Jonathan Gold Reviews Coni'Seafood
Do you ever glance at Chowhound? Because once you get past the dim sum speculation, burger arguments and bickering about Taiwanese beef noodle soup, the site seems almost custom-designed to follow the unspooling saga of the mariscos empire Mariscos Chente and the journey of Sergio Peñuelas, the samurai chef who has mastered the elusive grilled snook dish known as pescado zarandeado.
Is Mr. Peñuelas at the Hawthorne Avenue restaurant, has he moved to the Mar Vista branch or has he hopped to the one in Gardena? Does he work every day? Do the other chefs know how to grill snook? Am I more likely to find him on Wednesday or Thursday, at noon or at dinner? Do I have to call first? Does the titular Chente cook own the place or even exist? There have been missives on dress, conduct, tipping and whether or not it is appropriate to bring the kitchen beer if you've brought your own. (A resounding yes, apparently.)
Peñuelas and his snook moved from Lennox to Mar Vista, and then in a roundabout way to the original Inglewood location, a tiny box off the no-tell-motel strip of Imperial Highway near Hollywood Park.
He has renamed the restaurant Coni'Seafood, although the credit card receipts still read Mariscos Chente, as does the sign outside, marked with a leaping marlin, and the menu is more or less the same. The restaurant is compact and almost chic now, artfully lighted, painted in textured dark tones, and the printed menu looks like one you'd find in a seaside restaurant in Spain. The blaring TV in the corner never quiets, but the first time I walked in after the remodel, somebody changed the channel from the soccer game to a National Geographic nature documentary, and nobody complained. Clearly, something else is at work here.
If they like you, you may see an off-menu plate of raw scallops and chewy sea snails.
If you've been to a Mariscos Chente, you're probably hip to Coni'Seafood's shrimp fixation, fat specimens sautéed with tequila and mountains of garlic; blanketed in oozy melted cheese enhanced with pureed jalapeño or smoky chipotle chiles; or simmered a la diabla in a spicy tomato sauce. There are steamed shrimp, shrimp with black pepper, and shrimp battered and fried to tempura-like crispness. If you can get past the name, there are even shrimp cucaracha — tiny, thin-shelled creatures, deep-fried whole, which do in fact curl up into insect-like objects that have the odd brown gloss of cockroach shells. You crunch into the shrimp cucaracha shell and all, tossing them down like potato chips, scarcely pausing to savor the marine essence concentrated in the head.
Tacos al gobernador? Sure. Crunchy ones, filled with diced shrimp and cheese. Shrimp cocktail? Of course. Aguachile? Coni's Seafood's version, raw, lemon-marinated shrimp arranged in a pinwheel and moistened with a green jalapeño puree, is different from the one you find on the mariscos trucks, stronger somehow, pure marine funk. Ceviche marinero involves chopped raw shrimp, cucumber, tomato and an oddly appropriate sprinkling of slightly unripe diced mango, in a pungent, black sauce lashed with Worcestershire. You've heard of Mazatlan; you understand the shrimp. It's the kind of thing you can wrap your mind around even in an excursion from a cruise ship, and even on spring break.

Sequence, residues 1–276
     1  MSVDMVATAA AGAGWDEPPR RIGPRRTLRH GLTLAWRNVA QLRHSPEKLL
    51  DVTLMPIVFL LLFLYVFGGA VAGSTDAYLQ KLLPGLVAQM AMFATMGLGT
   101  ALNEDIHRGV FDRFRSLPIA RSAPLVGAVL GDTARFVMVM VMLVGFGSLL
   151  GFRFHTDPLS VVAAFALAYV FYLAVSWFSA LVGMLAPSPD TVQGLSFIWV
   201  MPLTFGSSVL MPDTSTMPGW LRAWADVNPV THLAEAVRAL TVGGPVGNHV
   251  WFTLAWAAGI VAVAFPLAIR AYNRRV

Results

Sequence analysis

But you can't leave without at least a taste of the tacos stuffed with smoked marlin and cheese, or the octopus, or the chicharrones de pescado, chunks of marinated tilapia fried to a kind of crunchy, char-edged chaw.
And you certainly can't leave without an order of the pescado zarandeado, a vast, smoking creature split and flopped open into a sort of skeleton-punctuated mirror image of itself, served on the kind of plastic tray you may remember from your high school cafeteria, which is probably the only vessel broad enough to handle the fish.
Snook, a fine-grained fish from the Gulf of California, isn't often seen around here, and pescado zarandeado, smeared with a flavored paste and shaken over coals in a specially designed basket, is notoriously difficult to pull off — the few local restaurants serving the Sinaloan specialty tend to present dry, leathery things, overcooked, almost inedible without sloshings of watery salsa. Ignore the sautéed onions, which taste as if bouillon cubes had a large part in their preparation, but insist on a bit of the triple-spicy guacamole. Mr. Peñuelas knows his way around a snook.
CONI'SEAFOOD | 3544 ½ W. Imperial Hwy., Inglewood | (310) 672-2339 | Open daily 11 a.m.-8 p.m. | MC, V | No alcohol | Street parking (two-car lot) | Seafood cocktails $9-$12; main courses $12-$20; pescado zarandeado $22/kilo | Recommended dishes: ceviche marinero, shrimp cucaracha, camarones Culichis, chicharrones de pescado, pescado zarandeado
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